You can also give rewards for reaching specific performance milestones, such as the top salesperson, where they had the most sales in a specific time period. By achieving these performance levels, they essentially “earned” the reward.
If a manager observes someone going above and beyond, reward programs are available to give an instant, on-the-spot reward, either through online sending of redeemable points with a message of recognition in an ecard, or by giving them a pre-printed card that shows a certain reward value, and they can handwrite a note of appreciation.
Other ways in which managers and peers alike can give rewards is by sending a nomination for someone and expressing why you felt they deserved to receive the reward. Depending on the business rules set up for each program, lower reward values may not need manager approval. Once someone suggests a higher reward amount, a manager must approve the nomination before they release the reward to the employee.
In customer facing services such as retail banking or fast-food services, employees can receive rewards individually or as a team when they reach certain productivity metrics or targets.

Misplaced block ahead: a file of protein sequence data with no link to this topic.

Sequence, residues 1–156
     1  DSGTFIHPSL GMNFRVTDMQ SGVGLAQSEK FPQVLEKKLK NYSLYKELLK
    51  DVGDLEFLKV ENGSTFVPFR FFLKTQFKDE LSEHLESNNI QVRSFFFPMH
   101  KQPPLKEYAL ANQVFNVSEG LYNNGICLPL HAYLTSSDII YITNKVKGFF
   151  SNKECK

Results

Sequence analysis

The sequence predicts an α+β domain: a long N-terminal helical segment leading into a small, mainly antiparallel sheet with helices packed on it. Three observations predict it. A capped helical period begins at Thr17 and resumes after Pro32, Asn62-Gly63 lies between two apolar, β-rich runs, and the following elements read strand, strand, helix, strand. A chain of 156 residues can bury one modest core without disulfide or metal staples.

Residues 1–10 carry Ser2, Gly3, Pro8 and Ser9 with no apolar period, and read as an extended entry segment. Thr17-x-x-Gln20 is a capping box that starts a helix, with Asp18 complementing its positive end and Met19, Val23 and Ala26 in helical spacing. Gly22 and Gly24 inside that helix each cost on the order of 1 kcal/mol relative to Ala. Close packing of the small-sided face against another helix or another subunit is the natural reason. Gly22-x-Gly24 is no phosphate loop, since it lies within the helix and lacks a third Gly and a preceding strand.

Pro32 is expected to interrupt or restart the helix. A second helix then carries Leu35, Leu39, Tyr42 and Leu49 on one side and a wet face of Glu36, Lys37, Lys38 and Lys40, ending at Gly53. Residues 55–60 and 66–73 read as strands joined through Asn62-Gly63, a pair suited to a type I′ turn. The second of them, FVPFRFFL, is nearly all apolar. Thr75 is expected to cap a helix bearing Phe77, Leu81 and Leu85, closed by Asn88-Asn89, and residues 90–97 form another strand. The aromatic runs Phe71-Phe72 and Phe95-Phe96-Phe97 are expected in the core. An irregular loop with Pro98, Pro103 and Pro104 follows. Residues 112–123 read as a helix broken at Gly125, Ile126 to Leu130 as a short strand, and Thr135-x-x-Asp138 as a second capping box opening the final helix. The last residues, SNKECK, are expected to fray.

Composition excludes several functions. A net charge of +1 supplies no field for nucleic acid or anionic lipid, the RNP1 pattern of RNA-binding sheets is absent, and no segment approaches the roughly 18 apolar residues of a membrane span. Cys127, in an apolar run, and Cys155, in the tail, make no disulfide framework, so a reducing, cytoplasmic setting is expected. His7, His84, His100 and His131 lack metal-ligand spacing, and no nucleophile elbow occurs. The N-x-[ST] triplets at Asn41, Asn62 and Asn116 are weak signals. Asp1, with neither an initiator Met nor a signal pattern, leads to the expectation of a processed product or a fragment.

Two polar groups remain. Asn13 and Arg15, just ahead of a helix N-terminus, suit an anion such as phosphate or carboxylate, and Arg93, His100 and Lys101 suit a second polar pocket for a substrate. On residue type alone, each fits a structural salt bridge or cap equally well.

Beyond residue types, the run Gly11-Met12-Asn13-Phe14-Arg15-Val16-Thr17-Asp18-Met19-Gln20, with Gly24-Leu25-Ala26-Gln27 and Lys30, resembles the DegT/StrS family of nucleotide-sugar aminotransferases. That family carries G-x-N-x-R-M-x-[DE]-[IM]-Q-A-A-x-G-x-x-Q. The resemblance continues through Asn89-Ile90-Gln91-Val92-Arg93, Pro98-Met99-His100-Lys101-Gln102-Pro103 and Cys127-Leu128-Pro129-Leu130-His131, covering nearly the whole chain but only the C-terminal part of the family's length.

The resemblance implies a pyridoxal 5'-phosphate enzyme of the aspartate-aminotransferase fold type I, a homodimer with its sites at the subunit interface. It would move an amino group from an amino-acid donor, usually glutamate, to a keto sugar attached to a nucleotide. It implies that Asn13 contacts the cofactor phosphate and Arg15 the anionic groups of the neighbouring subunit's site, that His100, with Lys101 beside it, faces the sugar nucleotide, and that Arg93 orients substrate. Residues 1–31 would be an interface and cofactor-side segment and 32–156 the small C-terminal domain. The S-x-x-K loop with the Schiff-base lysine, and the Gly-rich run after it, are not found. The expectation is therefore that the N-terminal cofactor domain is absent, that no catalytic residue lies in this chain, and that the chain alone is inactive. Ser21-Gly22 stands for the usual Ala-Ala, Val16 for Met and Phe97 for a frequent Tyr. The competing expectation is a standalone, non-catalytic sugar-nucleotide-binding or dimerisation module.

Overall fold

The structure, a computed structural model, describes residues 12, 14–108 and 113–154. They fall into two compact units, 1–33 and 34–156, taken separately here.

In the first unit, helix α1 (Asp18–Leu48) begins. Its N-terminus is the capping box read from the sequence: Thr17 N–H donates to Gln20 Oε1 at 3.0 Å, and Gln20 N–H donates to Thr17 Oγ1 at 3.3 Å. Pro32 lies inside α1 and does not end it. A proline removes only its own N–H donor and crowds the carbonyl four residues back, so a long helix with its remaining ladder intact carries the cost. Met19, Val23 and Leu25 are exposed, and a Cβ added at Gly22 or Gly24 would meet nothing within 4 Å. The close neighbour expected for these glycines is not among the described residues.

As observed from several of our long-term and short-term clients, the percentage ratio for reward programs hovers around the 60 percent range.
Only from this sampling of clients can I give you the overall percentage ratio of program usage of recognition to reward programs as approximately a 40%:60% mix.
Keep in mind that the range of ratios is quite broad in generating this average. Like I said earlier, some organizations rely heavily on reward programs compared with recognition, and they obviously have the income to maintain that reward consumption.
Other organizations will have nowhere near those budgets and depend more on nonmonetary recognition programs. Plus, the type of industry dictates what programs get used when and to what degree.
I also suggest that you test out percentage ratios and see how it works for six months to a year. You can always adjust your percentage ratios for the following year.
Which only leads me back to my original answer to the question of what ratio of recognition to rewards I would recommend. It all depends.
Recognition Reflection: What percentage ratio of recognition to rewards usage works best for your organization?